Caution with Animal Watch Tours: Before booking, critically check how important animal and nature conservation/.
The rising of the bird song begins early in the morning at five. Participation is voluntary – but Thomas Grayson Pflueger is always amazed at how many people join his morning walks before breakfast. The 67-year-old is the co-founder of Birdingtours, a company that specializes in bird trips.
The beginning looks like this for everyone who is part of the morning excursion: hike for two hours, then have breakfast at the hotel, and only then go to the actual destination area. In small groups of about 15 participants, the tour leads to the coast, lake, pond, fields, meadows, or forest, depending on the excursion. In fact, you are in nature and outdoors all day long. Always with you: a knowledgeable tour guide.
“When we’re bird-watching, we go out and look at something beautiful. It’s as relaxing as yoga,” says Griesohn-Pflug. Most travelers are not interested in putting rare animals in front of their lens. Instead, to experience nature and immerse yourself in observation. After dinner, for example, the group returns to the swamp to watch the night. This nocturnal bird can be observed at dawn. There are a number of legends surrounding it. “Because it races through the air with its jaws open and catches moths,” says the expert.
Birds can be seen in many places in Germany. Curls, snipes, sandpipers, and terns can be observed in the Wadden Sea. In the Black Forest “there are still rare grouses and woodpeckers,” says Grayson Pfluger. With a little luck, a lemon canary or a mountain sucker will turn up.
No matter where you go on a tour: the animals should not be disturbed. The general rule is simple: always stay on the marked paths and never enter closed areas. Crossing the meadows, land breeders will be disturbed and nests destroyed. One has to be especially sensitive during the breeding and breeding season, advises Jennifer Kramer of the German Conservation Union (NABU). In general, it is best to keep your distance from yourself. Therefore, binoculars are considered part of the device.
Wild animals should never be touched or picked up. “Unfortunately, this often happens during the bird’s breeding season,” Kramer says. “Then the young birds flutter out of their nests and look helpless. A lot of them are collected every year.” “Most of the time, these birds are not helpless. That’s why you should know this in advance.” For example, in more than 80 nature conservation centers in Naboo, Germany, or in nature parks and national park centers.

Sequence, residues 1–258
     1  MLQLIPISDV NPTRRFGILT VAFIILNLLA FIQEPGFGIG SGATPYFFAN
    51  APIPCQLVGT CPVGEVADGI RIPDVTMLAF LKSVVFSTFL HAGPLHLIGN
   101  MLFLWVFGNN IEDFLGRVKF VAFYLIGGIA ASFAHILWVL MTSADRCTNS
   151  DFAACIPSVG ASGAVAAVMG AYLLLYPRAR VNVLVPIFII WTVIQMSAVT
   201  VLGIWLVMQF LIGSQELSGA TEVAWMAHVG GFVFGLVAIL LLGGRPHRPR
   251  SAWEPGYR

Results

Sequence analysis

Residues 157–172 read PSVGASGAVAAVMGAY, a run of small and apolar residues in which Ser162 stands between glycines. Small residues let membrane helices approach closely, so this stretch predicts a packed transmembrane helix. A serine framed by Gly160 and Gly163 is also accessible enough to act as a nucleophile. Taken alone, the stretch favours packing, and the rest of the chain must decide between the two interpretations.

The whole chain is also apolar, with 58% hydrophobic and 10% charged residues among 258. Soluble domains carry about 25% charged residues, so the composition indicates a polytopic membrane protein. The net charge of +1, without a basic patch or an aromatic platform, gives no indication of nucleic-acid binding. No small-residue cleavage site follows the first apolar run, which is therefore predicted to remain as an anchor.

How do you find trustworthy service providers? By carefully reading if you’re going to protected areas and how they handle them, Kramer says. “Nature is nature, and wild animals live there,” she says. “When in doubt, do not see them.” If the provider promises the opposite, alarm bells should ring. and: “Good providers provide information about species protection and conservation and always have an educational character.”
This also applies to the observation tours of an animal that does not have a good reputation and is mainly found in eastern Germany. Although wolves are found in all federal states, areas in Lusatia are especially inhabited. “Wolves live in a completely territorial area in an area of 100 to 250 square kilometres. There are an average of five to twelve animals within this area,” says Stephen Heeber, wolf officer in Brandenburg and tour guide at Wolfland Tours. “The young migrate, so there can be no more in a given area,” he says, explaining the seemingly small number of wolves in each area.
It’s easy to find wolf trails in sandy Brandenburg. This does not mean that animals are tracked or even pursued in this way. exactly the contrary. “We are interested in educating and protecting these special animals and conflict-ridden species,” Heber says. The goal of wolf outings is to learn more about animals and their behaviour. This can be done on day trips or multi-day trips.
On a multi-day tour, the probability of seeing wolves is 50 to 70 percent, depending on the season. The promise of a 100% chance would be questionable. “Of course, humans are only guests in nature and should behave as such,” Heber says. The rules of conduct must be stated and implemented in the concept of the tour. Tours with a small number of participants are recommended.